As a capital markets day ever went so badly?
Yesterday I asked readers of this column to see the THG share price for Citi’s decision on Matt Molding’s qualifications as CEO of Public Markets. The answer is echoing.
The relationship between THG and the city is about as bad as you can get. Analysts are complaining of a lack of trust and one told me: “Some people are saying it’s Manchester’s WeWork.”
It seems exaggerated. But what is clear is that the molding is out of its depth.
Part of the problem is the aggressive governance structure. Molding insisted on maintaining complete control over the IPO, holding both the acting chairman and CEO roles. The arrangement raised eyebrows in the city, but investors were willing to ignore it as long as the situation was good.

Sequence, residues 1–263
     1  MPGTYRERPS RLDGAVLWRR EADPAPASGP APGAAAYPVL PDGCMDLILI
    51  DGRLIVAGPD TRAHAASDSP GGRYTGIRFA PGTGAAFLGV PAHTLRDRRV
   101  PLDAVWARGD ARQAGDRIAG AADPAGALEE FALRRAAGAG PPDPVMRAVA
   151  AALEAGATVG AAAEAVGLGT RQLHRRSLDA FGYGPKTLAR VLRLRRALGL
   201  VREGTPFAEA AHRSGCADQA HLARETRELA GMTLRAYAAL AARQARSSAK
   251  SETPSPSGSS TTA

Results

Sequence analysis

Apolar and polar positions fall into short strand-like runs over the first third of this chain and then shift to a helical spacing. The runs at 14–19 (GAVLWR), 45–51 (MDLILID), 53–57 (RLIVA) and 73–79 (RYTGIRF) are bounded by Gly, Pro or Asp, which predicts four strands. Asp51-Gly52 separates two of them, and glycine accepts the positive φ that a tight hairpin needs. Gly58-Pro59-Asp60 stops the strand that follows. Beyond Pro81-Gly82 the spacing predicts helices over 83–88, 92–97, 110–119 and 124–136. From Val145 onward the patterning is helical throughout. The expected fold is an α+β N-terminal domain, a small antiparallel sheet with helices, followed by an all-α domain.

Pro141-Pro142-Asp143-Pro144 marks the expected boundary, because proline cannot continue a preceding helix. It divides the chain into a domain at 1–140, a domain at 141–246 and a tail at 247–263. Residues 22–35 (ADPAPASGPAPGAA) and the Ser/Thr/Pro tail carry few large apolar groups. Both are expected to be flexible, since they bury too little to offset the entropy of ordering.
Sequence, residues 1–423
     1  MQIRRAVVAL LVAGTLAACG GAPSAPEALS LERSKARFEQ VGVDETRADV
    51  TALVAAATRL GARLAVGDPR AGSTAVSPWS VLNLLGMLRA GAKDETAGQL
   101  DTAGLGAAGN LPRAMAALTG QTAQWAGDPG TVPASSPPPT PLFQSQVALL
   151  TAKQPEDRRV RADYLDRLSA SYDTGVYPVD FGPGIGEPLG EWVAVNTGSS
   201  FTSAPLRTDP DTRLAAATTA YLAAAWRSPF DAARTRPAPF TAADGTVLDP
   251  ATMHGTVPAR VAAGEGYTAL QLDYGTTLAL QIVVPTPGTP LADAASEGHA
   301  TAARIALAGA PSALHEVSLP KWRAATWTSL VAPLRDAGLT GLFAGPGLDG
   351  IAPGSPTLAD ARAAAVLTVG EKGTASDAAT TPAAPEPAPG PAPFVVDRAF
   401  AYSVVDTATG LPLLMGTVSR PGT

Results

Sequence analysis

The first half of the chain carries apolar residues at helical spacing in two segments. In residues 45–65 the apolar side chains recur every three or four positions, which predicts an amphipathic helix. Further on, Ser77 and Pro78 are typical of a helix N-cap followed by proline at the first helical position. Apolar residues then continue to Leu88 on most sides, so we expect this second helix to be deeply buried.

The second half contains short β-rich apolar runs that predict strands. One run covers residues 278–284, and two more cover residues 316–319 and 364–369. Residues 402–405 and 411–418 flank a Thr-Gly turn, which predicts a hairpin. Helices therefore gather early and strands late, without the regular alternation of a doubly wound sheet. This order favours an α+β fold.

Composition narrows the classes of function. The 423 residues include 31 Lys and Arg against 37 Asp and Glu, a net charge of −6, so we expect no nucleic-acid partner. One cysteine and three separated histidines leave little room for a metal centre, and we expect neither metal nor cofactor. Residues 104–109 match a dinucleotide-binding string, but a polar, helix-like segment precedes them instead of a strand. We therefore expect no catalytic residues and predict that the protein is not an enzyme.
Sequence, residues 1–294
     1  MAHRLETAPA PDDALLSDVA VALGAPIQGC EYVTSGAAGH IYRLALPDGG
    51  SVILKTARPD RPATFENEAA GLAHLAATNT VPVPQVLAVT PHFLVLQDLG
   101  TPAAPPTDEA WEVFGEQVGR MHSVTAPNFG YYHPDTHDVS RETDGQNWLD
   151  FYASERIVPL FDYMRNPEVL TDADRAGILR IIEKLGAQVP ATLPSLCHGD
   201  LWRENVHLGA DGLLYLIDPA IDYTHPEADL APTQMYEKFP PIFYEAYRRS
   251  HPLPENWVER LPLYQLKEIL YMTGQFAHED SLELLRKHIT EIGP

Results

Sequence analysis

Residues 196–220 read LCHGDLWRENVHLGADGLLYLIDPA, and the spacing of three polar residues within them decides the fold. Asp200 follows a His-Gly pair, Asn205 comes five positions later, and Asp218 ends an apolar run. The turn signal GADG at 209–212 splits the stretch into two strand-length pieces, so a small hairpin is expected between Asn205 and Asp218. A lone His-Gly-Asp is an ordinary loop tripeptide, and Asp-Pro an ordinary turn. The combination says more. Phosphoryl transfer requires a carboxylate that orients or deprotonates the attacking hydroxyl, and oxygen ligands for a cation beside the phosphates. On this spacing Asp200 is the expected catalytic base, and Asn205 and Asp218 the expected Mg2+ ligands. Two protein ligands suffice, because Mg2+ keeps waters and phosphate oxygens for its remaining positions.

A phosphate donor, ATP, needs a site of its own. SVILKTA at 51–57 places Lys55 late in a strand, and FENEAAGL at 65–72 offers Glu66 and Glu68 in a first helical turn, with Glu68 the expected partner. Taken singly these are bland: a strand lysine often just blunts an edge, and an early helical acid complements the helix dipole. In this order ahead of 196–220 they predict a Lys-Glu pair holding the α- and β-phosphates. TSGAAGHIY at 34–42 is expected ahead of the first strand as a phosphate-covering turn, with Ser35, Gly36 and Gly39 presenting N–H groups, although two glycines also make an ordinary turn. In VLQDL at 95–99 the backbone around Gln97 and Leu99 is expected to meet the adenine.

The current crisis shows that investors were right to be concerned. Good governance isn’t just something to bang on – it preserves value and can protect a business.
A few more gray hairs in the boardroom right now would be invaluable. Seasoned directors know what public market investors want — and don’t want — to hear. Molding clearly doesn’t: The stock is down 60% so far this year. It’s never okay to blame short sellers for your problems.
Misplaced molding steps suggest that THG needs an overhaul at the top. He should step down from the chair and bring in an independent person with public market experience to play the role.
THG’s boardroom is in need of a jolt—and fast.